http://www.samaritans.org/how-we-can-help-you/different-ways-you-can-get-touch/what-happens-when-i-email

All images used are from my personal Instagram: http://www.instagram.com/cathyleex/

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21 blog posts series take two

21 blog posts series take two

Welcome back.

Day two brings us to the topic of travel, in that of appreciating how easy it is for us as EU citizens, the opportunities and adventures out there available to us.

Two: “Appreciating the ability to travel”

It feels strange writing about travel at a time like this. Just hours earlier on today, the city if London that I visited the week after my 21st birthday saw horror in the form a terrorist attack. The chaotic scenes flashed on to my TV screen when I arrived home today and took it all in. It felt strange to recognise the area so vividly, but it looking utterly different from the positivity I had seen there in early December.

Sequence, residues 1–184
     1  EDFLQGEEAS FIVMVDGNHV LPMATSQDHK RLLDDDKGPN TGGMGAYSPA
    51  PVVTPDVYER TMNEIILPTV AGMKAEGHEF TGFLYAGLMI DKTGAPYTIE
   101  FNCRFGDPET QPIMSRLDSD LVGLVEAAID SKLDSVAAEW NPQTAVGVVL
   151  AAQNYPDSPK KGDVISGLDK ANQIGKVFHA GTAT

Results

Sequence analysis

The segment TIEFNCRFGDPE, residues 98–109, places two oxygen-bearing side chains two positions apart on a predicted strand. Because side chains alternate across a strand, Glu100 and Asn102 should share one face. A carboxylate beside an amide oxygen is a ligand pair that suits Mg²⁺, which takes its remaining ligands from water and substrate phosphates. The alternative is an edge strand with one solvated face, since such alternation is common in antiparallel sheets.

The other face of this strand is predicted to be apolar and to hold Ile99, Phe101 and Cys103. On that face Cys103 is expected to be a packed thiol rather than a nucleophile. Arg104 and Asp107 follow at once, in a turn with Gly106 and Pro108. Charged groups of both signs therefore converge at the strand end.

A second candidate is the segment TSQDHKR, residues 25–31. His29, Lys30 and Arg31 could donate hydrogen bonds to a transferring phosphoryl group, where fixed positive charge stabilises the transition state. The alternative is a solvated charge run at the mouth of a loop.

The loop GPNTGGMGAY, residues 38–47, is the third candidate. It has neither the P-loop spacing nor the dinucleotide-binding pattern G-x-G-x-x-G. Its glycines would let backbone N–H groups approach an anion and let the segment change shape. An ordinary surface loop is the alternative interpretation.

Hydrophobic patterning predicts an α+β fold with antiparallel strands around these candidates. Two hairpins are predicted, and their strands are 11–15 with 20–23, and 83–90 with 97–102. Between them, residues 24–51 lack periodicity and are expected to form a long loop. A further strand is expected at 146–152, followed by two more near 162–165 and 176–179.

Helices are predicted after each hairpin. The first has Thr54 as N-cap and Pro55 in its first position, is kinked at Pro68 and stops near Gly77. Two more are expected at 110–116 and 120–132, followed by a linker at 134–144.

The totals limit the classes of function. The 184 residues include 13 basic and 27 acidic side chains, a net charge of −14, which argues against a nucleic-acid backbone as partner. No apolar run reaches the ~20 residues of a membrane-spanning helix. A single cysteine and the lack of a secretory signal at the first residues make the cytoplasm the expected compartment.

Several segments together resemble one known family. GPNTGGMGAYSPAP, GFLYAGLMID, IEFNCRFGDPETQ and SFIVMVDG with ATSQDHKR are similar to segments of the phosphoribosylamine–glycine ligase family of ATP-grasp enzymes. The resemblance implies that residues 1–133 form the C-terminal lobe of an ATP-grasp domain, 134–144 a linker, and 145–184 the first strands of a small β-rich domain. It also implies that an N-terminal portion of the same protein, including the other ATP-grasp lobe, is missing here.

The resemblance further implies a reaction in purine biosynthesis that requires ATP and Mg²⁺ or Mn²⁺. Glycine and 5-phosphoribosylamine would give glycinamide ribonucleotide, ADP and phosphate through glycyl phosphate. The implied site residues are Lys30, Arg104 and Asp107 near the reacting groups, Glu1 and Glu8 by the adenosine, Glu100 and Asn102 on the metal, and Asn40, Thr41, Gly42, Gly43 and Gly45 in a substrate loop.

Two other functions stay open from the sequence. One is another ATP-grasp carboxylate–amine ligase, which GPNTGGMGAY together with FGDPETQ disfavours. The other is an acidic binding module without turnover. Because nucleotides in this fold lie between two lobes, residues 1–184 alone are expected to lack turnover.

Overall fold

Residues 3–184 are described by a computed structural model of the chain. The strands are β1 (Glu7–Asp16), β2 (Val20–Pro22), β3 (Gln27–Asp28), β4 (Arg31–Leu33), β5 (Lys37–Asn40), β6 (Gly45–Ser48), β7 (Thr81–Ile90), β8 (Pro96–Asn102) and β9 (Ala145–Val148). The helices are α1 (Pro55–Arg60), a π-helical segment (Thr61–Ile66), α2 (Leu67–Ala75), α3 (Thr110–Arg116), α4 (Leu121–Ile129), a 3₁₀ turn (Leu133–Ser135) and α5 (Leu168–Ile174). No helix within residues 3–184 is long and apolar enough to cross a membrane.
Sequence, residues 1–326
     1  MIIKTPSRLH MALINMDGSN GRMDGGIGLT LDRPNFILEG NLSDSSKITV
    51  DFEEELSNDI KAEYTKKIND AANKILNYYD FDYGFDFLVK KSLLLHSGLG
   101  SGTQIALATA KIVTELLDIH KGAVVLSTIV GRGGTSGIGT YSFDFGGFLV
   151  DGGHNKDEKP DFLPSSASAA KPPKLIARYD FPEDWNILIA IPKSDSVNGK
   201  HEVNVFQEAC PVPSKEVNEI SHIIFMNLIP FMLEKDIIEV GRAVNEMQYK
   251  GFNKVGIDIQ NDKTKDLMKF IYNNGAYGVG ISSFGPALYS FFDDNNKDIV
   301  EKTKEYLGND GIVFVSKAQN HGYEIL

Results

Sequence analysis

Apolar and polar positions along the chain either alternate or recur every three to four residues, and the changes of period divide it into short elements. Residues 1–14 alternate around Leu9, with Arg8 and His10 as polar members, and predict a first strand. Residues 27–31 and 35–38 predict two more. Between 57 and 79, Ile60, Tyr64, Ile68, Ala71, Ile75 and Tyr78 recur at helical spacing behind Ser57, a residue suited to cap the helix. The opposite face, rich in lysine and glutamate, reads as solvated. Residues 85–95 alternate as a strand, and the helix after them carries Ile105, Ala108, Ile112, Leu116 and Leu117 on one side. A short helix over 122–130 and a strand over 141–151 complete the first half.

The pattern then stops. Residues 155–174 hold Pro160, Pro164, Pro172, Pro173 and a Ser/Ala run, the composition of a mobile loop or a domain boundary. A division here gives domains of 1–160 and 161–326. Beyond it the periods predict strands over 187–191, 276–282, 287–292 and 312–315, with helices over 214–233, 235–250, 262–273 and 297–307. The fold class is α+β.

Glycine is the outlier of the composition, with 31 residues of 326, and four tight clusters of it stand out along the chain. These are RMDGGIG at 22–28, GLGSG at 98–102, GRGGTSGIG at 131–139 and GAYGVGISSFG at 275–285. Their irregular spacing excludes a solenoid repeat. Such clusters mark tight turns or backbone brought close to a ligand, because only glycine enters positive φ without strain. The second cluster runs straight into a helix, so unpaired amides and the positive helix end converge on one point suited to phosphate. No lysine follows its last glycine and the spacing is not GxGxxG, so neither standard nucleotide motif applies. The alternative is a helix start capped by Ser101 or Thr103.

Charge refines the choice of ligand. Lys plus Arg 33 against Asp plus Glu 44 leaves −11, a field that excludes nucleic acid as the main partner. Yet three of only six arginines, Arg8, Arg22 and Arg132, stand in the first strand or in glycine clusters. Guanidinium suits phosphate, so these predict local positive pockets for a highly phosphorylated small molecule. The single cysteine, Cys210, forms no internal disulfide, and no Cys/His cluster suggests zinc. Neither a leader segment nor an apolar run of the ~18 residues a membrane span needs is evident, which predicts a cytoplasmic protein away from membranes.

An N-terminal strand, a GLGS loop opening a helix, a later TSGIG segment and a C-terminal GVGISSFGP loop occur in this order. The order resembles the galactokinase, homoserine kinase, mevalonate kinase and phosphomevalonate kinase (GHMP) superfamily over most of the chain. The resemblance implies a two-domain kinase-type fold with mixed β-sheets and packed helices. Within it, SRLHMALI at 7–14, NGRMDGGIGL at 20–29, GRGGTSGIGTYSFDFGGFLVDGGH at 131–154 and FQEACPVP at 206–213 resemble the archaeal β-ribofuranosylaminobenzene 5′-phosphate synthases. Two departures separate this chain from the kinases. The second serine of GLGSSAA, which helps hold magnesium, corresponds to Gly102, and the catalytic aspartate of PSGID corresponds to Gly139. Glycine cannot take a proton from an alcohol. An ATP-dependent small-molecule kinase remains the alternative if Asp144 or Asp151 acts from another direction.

I think in one sense of it, the aim of terrorism is to contribute in the form of creating that scene of distress, to take away the positivity associated with a place and flip everything over to show complete destruction instead. Destroying everyday like in causing heart-breaking chaos.

Of course following this, we’ll have heightened security and possibly further fear formed. I understand that this is of course necessary to protect citizens.

But I think to keep the sense of appreciation of traveling and staying true to ourselves as humans, travel and ease of travel needs to be part of what makes up human life. If we think of a world without integration and travel, without the mix of different cultures, people and places – I really don’t see that as a colourful or warm place to be.